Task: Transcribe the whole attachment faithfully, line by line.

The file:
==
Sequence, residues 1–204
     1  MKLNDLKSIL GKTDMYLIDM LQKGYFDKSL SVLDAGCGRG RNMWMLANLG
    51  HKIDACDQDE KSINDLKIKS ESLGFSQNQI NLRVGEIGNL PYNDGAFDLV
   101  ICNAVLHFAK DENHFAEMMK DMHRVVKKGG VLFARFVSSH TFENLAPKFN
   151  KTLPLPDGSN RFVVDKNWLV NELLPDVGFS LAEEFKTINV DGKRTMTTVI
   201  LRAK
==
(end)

Sequence, residues 1–204
     1  MKLNDLKSIL GKTDMYLIDM LQKGYFDKSL SVLDAGCGRG RNMWMLANLG
    51  HKIDACDQDE KSINDLKIKS ESLGFSQNQI NLRVGEIGNL PYNDGAFDLV
   101  ICNAVLHFAK DENHFAEMMK DMHRVVKKGG VLFARFVSSH TFENLAPKFN
   151  KTLPLPDGSN RFVVDKNWLV NELLPDVGFS LAEEFKTINV DGKRTMTTVI
   201  LRAK